But this is a kingdom not a democracy. I have an advanced degree in philosophy and love debate. I’m very tolerant of unpopular “politically incorrect” views even when I disagree with them. What I won’t countenance is outright nonsense, venom, and spleen. “Hit and run” posts by anonymous posters won’t be tolerated. Name calling I’ll handle on a case-by-case basis. Something like “James, you’re an idiot if you believe…” would likely be tolerated whereas “James, you fucking kike…” probably would not. Let’s keep our abuse of each other free of scurrilousness. I hope I don’t regret starting this blog, which I’ve done in response to the astounding lack of real discussion and debate in everyday life, especially when it comes to certain topics like religion and gender. Got something on your chest? Well here’s a good place to vent. Let’s see how it goes.

If you’d like to start a topic, get in touch with me with an abstract if not a full post and I’ll let you know if you can be a guest poster.

There’s little doubt outdoor cats (by which I mean domestic cats) have an impact on native wildlife wherever they establish themselves as an invasive species. We love our cats so much that cats now outnumber dogs as pets. And for obvious reasons: cats largely take care themselves of many of the sometimes burdensome chores that come along with owning a dog. No twice daily (or more) walking. Or, if you let your pooch out in the backyard, no cleaning up the poop or stepping in it. Most cats take to the litter box as kittens and except in the case of something gong wrong will stick with it. You may never have to bathe your cat because cats groom themselves. Then, while there are lapdogs, how many of them can purr?

To help control cats, advocates for native wildlife have backed neutering pet cats before they can reproduce along with programs designed to capture and neuter or kill off feral cats (pet cats gone wild). Cats can go completely wild in one generation, and even a fully domesticated pet cat can take care of finding food and shelter for itself (and raising the next generation) relying entirely on its instincts.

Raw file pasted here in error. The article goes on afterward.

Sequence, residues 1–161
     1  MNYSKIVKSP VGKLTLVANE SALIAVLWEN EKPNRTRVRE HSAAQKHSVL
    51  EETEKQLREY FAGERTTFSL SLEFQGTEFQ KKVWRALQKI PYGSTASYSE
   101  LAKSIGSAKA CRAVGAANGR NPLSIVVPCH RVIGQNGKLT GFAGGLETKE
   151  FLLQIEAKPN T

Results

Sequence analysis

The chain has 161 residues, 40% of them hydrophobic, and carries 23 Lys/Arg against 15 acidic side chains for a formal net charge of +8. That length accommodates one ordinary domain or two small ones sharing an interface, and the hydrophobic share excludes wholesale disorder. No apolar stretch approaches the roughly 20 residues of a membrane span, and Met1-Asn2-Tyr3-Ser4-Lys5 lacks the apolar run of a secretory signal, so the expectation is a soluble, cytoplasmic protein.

By some standards, the domestic cat is the world’s top land predator. All you have to do is overlook its size and measure it by the success rate of its hunts, which are estimated to be about 50% for mature feral cats. (Lions, tigers, jaguars, and cheetahs are successful perhaps 20% of the time.)

At the same time, a study undertaken in the UK by Dr. John Bradshaw (not to be confused the American pop psychologist of the same name) closely monitored outdoor pet cats with kittycams and GPS units, and by so doing he learned a lot about them. It turns out that pet cats may hunt, but far less aggressively and with far less success than their feral counterparts, averaging just 2 prey items each week.

Most of the concern by native wildlife advocates seems to be about birds. However, it turns out that only about 10% of the toll pet and feral cats take is avian. Big surprise: they can fly! By far most of the toll is small mammals and reptiles and most of the public isn’t all that worried about a decline in wild mouse, mole, or snake populations.

What the wildlife advocates seem to ignore is that the cat might be taking the place of wild predators who tend to be either shy of human populations or, if not, are often exterminated as vermin. In that sense, the toll taken by cats may not be a bad thing.  It turns out that where feral cats do by far the most damage is on remote islands where birds and animals have evolved without having to adapt defenses to a predator with anything like the weapons and skills possessed by the cat.

Advocates often overlook the role humans play. If bird numbers decline, one should be asking how much of it is due to the encroachment of humans into formerly wild habitat? True, cats come along with this encroachment, but how much of the damage to wild critters would have happened anyway even without cats?

Getting back to efforts to control feral cats  and neuter pet cats can backfire in ways one might categorize under “unintended consequences.”

Unintended consequence #1: Dr. Bradshaw is concerned that efforts to kill off feral cats will be far more successful with the more approachable, less wary, and less intelligent members of the feral population, effectively supercharging the evolution of a bigger, nastier, smarter, more dangerous feral cat.

Unintended consequence #: Dr. Bradshaw notes that because some people refuse to neuter their cats, the genes of the bigger, nastier, smarter, more dangerous ferals will infect the gene pool of the pet domestics.

Unintended consequence #3: By neutering pet cats before they can reproduce, we no longer have access to genes of those cats with characterstics we’d like to breed in, such as genes from cats with exceptionally gentle and loving personalities and with a very weak or nonexistent predatory drive.